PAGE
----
CHAPTER 9. The Formation of Christian Europe C.E. YOU SHOULD HAVE A BASIC UNDERSTANDING OF:

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1 CHAPTER 9 The Formation of Christian Europe C.E. The decline and fall of the western half of the Roman Empire in the fifth century created a vacuum in Europe that was filled largely by the Roman Catholic Church and Germanic kingdoms. Rome s centralized administration, standing professional army, and uniform imperial legal system were replaced by Germanic tribal institutions or by locally adapted remnants of the Roman past. From these roots, in response to external challenges and internal needs, emerged a new economic, political-military system feudalism which distributed authority through a hierarchy of personal relationships between lords and vassals. Europe thus entered the medieval era, the period between the fall of Rome and the modern world of the Renaissance. As a cultural force, the Church centered at Rome became the major religious and intellectual influence shaping western Europe. Among the many German tribes that invaded the empire, the Franks proved to be most politically astute and most powerful. Both qualities were exemplified in Clovis and Charlemagne, who linked their extraordinary political ambitions to the dominant religious force in western Europe, Catholic Christianity. From this union, a semblance of imperial unity among European peoples evolved an attempt to found a Holy Roman Empire only to develop into feudalism with the decline, albeit temporary, of both church and state. Beginning in the eleventh century and extending through the thirteenth century, Europe underwent a period of renewal and reform. The previous era characterized by feudalism, with its decentralization of power in the economy and the state, gave way to a resurgence of secular interest. As the ideal of a united Christian Europe declined, a new ideal gradually took its place. Europe was increasingly viewed as a network of independent, sovereign states competing more than cooperating with one another. It was apparent that distinct nations were developing. In England and France, nation and state had become virtually inseparable under native ruling families or dynasties. Elsewhere, as on the Iberian peninsula, the nation-state was also coming to be the basic form of political organization. In Germany, the concept of a holy empire in the tradition of Rome continued but resulted in a proliferation of provinces, while the Byzantine Empire peaked and then declined. In eastern Europe, Russia, and the Slavic regions, efforts concentrated on developing national identity. Still, however, Christianity, be it Roman Catholic or Greek Orthodox, played a crucial role in the development of Europe. In addition, the culture changed dramatically; particularly the Church changed, as it sought to reform itself in a variety of ways, internally and externally, and tried to rid the Holy Lands of the Muslims in the Crusades. Meanwhile, contact with other parts of the world, particularly connecting along the Mediterranean, resulted in stimulated trade, the rise of towns and the development of guilds, great monuments of architecture, and the foundation of universities; a new culture was in the making, a culture shaped by Germanic and Christian influences, one that seemed destined to have a broad impact on world history. YOU SHOULD HAVE A BASIC UNDERSTANDING OF: The evolution of the Christian Church and its presence in Europe in the Early Middle Ages. The Merovingians and Carolingians. 83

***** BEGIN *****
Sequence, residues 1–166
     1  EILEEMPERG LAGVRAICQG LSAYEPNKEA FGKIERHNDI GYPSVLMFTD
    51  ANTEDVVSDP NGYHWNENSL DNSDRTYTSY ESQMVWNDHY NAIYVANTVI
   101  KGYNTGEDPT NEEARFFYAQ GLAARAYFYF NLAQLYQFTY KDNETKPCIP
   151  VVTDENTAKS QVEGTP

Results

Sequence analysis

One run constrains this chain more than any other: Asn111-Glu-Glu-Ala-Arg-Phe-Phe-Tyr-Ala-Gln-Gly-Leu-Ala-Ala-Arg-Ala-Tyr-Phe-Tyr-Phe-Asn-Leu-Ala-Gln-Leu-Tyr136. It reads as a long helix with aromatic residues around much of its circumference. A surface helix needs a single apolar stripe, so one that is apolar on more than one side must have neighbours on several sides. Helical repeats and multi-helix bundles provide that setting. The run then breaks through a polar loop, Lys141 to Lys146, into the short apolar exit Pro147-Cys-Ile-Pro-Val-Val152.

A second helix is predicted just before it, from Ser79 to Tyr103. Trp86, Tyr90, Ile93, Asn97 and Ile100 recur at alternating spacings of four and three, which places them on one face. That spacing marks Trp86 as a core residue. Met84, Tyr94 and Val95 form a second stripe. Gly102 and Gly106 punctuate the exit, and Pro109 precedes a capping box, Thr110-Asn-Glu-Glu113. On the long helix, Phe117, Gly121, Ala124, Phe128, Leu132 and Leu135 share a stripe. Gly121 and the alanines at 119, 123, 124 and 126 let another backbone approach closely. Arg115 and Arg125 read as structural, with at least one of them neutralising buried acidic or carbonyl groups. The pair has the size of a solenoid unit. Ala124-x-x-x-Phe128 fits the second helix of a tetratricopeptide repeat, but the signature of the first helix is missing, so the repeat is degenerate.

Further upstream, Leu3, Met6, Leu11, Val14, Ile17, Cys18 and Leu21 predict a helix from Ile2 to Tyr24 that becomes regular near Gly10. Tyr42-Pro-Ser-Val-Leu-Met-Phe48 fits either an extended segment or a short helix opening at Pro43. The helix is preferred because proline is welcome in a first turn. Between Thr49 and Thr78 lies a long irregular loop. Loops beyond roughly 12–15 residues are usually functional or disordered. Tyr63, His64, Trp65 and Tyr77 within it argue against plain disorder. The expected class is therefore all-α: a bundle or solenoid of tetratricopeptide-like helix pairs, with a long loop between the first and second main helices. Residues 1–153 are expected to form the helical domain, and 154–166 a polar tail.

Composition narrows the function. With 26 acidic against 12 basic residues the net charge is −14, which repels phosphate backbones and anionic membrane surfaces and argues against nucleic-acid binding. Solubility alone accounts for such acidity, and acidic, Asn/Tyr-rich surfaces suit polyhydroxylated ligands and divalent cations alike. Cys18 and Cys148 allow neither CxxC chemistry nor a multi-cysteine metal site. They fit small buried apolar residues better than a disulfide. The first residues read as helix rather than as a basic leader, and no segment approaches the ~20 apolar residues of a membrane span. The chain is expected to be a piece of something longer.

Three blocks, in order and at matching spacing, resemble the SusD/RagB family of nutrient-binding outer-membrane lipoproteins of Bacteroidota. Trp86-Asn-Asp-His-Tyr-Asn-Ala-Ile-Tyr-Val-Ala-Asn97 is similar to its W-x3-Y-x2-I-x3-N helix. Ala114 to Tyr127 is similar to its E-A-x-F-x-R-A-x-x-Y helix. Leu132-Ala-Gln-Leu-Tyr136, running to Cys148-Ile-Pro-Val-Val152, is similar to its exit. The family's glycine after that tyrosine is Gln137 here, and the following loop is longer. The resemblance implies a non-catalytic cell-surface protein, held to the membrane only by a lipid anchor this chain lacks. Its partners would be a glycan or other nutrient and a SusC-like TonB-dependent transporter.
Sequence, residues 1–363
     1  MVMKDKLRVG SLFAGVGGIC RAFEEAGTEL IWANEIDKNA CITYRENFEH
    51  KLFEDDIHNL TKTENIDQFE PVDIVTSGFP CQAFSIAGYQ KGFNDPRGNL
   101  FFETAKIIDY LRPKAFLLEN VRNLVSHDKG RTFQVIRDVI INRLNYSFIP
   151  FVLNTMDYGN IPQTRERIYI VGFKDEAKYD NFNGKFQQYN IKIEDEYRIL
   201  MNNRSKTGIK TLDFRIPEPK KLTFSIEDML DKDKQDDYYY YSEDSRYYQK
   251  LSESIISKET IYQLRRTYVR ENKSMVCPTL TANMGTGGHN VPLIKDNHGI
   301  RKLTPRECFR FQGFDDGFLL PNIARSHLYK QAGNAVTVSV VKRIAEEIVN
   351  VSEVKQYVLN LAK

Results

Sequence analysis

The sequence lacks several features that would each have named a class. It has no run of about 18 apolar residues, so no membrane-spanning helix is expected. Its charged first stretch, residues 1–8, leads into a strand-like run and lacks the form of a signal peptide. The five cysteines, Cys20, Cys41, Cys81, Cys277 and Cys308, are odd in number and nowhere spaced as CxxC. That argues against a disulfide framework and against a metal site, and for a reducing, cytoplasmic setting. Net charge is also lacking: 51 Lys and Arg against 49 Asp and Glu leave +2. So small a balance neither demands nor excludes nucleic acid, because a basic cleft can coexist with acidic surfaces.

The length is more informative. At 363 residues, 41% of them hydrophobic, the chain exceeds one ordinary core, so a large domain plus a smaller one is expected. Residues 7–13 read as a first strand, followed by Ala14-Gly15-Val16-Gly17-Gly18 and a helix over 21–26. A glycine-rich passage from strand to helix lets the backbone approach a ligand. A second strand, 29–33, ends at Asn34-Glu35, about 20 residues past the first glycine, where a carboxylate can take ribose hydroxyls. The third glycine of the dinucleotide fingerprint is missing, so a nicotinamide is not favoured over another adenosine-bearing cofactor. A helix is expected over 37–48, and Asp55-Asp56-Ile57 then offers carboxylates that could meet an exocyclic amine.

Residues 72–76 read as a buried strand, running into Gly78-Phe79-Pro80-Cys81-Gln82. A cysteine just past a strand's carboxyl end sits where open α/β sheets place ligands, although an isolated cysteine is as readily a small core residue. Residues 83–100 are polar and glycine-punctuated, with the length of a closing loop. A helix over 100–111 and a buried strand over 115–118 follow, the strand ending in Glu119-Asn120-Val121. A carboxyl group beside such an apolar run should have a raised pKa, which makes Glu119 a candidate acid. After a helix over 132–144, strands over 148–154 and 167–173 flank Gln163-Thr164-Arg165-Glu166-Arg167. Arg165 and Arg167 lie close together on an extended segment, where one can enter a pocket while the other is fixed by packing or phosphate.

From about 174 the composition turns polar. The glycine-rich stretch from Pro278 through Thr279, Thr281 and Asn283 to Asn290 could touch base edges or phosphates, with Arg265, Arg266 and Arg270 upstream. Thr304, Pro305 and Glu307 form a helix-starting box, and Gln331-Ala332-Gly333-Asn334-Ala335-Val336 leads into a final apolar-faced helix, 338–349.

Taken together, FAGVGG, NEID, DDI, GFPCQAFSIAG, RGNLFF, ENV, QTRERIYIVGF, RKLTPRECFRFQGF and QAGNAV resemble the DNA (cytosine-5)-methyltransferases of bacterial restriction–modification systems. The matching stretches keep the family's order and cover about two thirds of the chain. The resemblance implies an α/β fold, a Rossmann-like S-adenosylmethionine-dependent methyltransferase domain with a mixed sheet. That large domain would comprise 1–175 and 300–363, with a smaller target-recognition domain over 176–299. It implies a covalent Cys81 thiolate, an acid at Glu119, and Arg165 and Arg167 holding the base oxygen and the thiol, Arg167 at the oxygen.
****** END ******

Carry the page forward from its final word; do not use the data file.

2 The structure of feudalism, to include manorialism, and how it filled the vacuum left by the disintegration of the Carolingian Empire and the Viking invasions. The revival of trade and towns and the rise of guilds. Renewal of the Catholic Church during , as demonstrated by papal reform, formation of new orders, and the Crusades. The development of European states, Byzantium in its Golden Age and decline. Russia and the nations of southeastern Europe. HAVE YOU MASTERED THE BASIC FACTS? Fill in each of the following blanks with the correct identification. The Catholic Church in the Early Middle Ages 1. : Pope who led the movement in the late sixth and early seventh centuries to use political as well as spiritual influence. 2. : A large grant of territory in Italy given by the Germanic ruler created the Papal States and increased the Pope s power. 3. : Early Christian missionary who lived with the Visigoths and translated most of the Bible into Gothic. 4. : Sixth-century church scholar who wrote The Consolation of Philosophy, a leader in the effort to preserve classical texts. 5. : This book stands as an outstanding example of early medieval European monastic scholarly and artistic achievement. The Merovingians and Carolingians 6. : Germanic people who migrated into Gaul and built the most enduring Germanic state this kingdom covered most of France by the early sixth century. 7. : Dynasty in France whose conversion to Christianity assured the support of the native population in the sixth century. 8. : Named not for its founder, but for the leader under whose rule the dynasty reached its height of power. 9. : Christian heresy rejected by Clovis in favor of orthodox, Trinitarian Christianity. 10. : Sea-faring Scandinavian invaders who attacked Europe from the ninth to the eleventh centuries. 84